With the March 2020 Presidential Primary Election right around the corner, county, city, and township clerks are making preparations. We are also seeing an increase in voters utilizing the opportunity to vote via absent voter (AV) ballot (also known in some states as “Vote at Home”) since the passage of Proposal 3 in 2018.
Local clerks are sending out Absent Voter Ballot Request Applications to those individuals on their Permanent AV Application List so that those voters may return the completed application and an absent voter ballot may be mailed out promptly.
It is important to note that in Michigan, a voter is not registered as a Democrat or a Republican, but when requesting a ballot for the March Presidential Primary Election, the voter must request a specific ballot style, as there may be up to three different types of ballots for this coming election: Democratic, Republican, and No Party Declaration, the third of which will only be available for those jurisdictions that are also holding local contests in March. How a voter votes is anonymous, however, what type of ballot the voter requests during such a Presidential Primary Election, and if they vote, is public information.
To be clear, if a jurisdiction only has the presidential candidates on the March Presidential Primary Election ballot (i.e., no county, local, or school proposals), there will only be an option of a Republican or Democratic ballot.
Please note, both partisan ballots will each have a choice as “Uncommitted,” which means that the voter selecting this choice is exercising a vote for that political party, but is not committed to voting for any of the candidates listed on the ballot. If enough voters cast “Uncommitted” votes, that political party may send delegates to their national nominating convention who are not committed to a specific candidate.
Also public information is if a voter has requested an absent voter ballot, when the request was received, when the ballot was mailed out, and when the voted ballot was returned. That is why voters receive numerous calls, the closer we get to Election Day, as campaigns are paying attention to those absent voters who have not yet returned their ballots to their local clerks.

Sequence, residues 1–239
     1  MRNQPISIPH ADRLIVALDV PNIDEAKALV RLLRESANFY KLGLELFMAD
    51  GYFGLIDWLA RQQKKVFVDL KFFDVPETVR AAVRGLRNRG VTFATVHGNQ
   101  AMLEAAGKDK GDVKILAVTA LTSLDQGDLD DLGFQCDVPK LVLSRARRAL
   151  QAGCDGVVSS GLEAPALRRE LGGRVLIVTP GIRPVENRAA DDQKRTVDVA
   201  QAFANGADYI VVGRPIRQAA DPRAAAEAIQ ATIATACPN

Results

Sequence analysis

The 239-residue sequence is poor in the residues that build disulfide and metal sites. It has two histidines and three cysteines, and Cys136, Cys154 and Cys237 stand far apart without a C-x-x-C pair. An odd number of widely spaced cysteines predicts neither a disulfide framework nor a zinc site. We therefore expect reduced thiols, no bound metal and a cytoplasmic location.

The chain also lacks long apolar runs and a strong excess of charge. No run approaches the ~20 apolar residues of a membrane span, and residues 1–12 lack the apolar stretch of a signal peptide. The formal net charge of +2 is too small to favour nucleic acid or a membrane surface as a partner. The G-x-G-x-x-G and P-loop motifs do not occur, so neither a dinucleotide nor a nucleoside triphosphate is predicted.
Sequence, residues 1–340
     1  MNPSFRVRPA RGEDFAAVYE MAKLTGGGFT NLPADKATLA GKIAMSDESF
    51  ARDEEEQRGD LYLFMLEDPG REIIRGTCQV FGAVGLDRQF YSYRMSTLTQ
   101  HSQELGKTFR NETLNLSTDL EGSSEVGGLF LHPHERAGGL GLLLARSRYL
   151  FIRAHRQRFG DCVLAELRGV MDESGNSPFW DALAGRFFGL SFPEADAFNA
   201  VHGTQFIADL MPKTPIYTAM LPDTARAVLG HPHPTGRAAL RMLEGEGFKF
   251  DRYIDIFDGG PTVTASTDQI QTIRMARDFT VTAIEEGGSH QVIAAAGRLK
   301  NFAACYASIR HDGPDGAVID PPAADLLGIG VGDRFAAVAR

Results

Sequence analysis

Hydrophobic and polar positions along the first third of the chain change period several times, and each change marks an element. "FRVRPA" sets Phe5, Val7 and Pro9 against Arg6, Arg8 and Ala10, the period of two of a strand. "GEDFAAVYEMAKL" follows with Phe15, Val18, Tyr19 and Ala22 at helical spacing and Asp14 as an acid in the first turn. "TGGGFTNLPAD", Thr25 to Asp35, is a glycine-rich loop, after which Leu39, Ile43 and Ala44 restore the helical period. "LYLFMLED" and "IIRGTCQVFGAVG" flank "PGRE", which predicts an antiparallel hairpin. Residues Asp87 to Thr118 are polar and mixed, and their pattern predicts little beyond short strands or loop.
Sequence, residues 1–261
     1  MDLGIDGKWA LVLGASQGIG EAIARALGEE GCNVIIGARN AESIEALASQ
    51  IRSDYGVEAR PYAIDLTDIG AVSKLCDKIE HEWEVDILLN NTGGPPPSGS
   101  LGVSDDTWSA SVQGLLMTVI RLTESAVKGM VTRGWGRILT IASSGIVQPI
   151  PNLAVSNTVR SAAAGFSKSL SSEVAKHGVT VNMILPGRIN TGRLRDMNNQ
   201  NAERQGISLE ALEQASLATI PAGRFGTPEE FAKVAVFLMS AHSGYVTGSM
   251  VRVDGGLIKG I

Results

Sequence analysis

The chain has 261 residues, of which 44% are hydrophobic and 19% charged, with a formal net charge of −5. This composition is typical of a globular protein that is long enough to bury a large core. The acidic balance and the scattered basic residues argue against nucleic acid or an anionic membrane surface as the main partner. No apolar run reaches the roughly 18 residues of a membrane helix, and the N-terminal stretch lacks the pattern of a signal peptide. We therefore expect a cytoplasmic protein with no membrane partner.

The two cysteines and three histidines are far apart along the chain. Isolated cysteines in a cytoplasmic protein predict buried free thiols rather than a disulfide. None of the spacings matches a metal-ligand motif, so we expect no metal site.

The federal requirement to have ballots available to Military and Overseas Voters (MOVE) is 45 days before an election, which in this case is January 25, 2020, and typically, ballots are mailed to all voters that have requested an absent voter ballot around that date as well.
To address a common myth: absent voter ballots are absolutely counted! Michigan has strict rules regarding how absent voter ballots are processed and counted. Specifically, when received, the local clerk is to do the data entry into the state system as soon as possible so that voters (and campaigns) know when ballots have been received. The signature on the return envelope must be present and is then compared to the voter’s signature on the Absent Voter Ballot Application they completed for that election. Absent voter ballot envelopes may only be opened once polls have opened on Election Day. They are then removed from the envelope (still in a secrecy envelope) and fed through the tabulator.
The Michigan Bureau of Elections is encouraging local clerks to open Absent Voter Counting Boards, which will increase the need for tabulators but will allow for faster tabulation of absent voter ballots, as they will be processed separately from in-precinct ballots on Election Day.
I, along with more than 1,500 clerks across Michigan, have been working hard to prepare for the 2020 elections and to ensure your right to vote securely – whether that is by absent voter ballot from home or wherever you may be in the world, or on Election Day. In light of that, I ask that voters take the opportunity to make sure they are prepared for these elections as well. To check the status, update your voter registration and see your sample ballot, please visit the Michigan Voter Information Center (MVIC). To request an absent voter ballot for the March Presidential Primary Election, please complete the request form and send it to your local (city or township) clerk.
As always, if I may ever be of assistance to your or your neighbors in exercising the right to vote, please feel free to contact me.
Image credit: BadgeMonkey via Flickr.